Contrary to my encouragement of that very idea upthread, I do realize that what's different from years past is that with the shaping and forming of carbon fiber, one brand can easily be distinguished from another, to the discerning eye, just by shape alone.

    That certainly wasn't the case in the days of steel and titanium. Still though, I think it could be done without causing too much of a stir. But when one of the main team sponsors is the bike manufacturer itself, the conflict of interest is painfully obvious.
     :D
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  • Drummer Boy

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    Has the rebranding of a frame happened much recently? When everything was still made of metal tubing you could get away with it. I think 4 of Indurains 5 wins were on bikes that weren't Pinarellos even though that's what they were badged up as. I wouldn't have thought you could get away with it anymore with the carbon fibre frames used these days. There is no way Dennis could get on a Giant Trinity and just stick some Merida badges on it and people wouldn't notice or point out it wasn't a Merida.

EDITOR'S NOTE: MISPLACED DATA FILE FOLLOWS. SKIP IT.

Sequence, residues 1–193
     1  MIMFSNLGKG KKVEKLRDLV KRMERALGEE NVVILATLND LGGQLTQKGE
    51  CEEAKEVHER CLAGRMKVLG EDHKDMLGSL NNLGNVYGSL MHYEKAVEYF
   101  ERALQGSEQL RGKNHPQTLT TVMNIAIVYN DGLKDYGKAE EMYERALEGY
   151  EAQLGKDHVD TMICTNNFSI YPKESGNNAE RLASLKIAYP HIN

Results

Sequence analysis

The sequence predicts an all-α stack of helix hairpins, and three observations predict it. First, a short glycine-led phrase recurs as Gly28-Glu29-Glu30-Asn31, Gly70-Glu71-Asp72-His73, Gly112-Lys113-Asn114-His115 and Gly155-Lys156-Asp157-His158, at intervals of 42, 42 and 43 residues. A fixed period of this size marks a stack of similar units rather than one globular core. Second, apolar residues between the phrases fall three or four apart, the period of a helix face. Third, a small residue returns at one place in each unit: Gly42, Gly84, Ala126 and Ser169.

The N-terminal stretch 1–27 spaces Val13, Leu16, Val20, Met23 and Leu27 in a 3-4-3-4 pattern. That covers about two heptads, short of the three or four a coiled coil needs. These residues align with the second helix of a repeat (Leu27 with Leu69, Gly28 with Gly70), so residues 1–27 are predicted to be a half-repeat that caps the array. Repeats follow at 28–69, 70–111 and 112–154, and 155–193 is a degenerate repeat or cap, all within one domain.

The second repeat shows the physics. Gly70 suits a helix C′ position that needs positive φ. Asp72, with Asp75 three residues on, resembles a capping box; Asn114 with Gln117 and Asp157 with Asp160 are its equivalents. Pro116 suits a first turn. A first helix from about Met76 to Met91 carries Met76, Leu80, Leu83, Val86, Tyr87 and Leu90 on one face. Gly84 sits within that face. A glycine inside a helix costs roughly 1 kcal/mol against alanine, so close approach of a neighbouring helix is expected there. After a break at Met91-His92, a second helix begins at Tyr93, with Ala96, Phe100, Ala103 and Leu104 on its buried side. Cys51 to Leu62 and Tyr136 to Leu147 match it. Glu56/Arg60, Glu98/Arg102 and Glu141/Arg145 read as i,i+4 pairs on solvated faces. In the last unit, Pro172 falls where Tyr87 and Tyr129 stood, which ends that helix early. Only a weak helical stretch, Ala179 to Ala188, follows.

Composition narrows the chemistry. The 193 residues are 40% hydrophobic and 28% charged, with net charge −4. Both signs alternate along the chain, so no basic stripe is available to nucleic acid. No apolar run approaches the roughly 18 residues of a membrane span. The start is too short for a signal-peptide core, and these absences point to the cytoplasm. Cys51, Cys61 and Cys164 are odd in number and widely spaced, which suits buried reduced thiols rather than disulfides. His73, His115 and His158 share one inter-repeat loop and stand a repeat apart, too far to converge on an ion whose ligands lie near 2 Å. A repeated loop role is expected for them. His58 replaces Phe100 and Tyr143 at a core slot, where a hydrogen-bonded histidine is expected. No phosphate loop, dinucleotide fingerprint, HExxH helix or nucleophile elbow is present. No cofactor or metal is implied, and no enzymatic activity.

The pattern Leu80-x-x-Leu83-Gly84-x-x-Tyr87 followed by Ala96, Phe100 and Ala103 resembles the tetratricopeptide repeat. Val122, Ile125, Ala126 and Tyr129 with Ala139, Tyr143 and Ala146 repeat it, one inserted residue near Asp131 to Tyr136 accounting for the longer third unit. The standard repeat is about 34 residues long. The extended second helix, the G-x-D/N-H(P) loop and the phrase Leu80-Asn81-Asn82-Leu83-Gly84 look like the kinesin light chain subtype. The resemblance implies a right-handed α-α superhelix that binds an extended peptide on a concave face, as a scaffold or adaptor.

Also are you suggesting that wasn't a BMC Timemachine he rode for last years worlds? It looks like it is one to me but always happy to be informed otherwise.

    I somehow missed your post when I was responding to AG.  But it seems we're in agreement.  :P

    As stated: frame shape, etc would certainly giveaway most efforts of camouflage. I just wonder how far someone might be willing to flaunt that. It's not like the old days of the 7-Eleven team that was sponsored by Huffy, but their bikes were made by Serotta—and no one seemed to mind.
     :D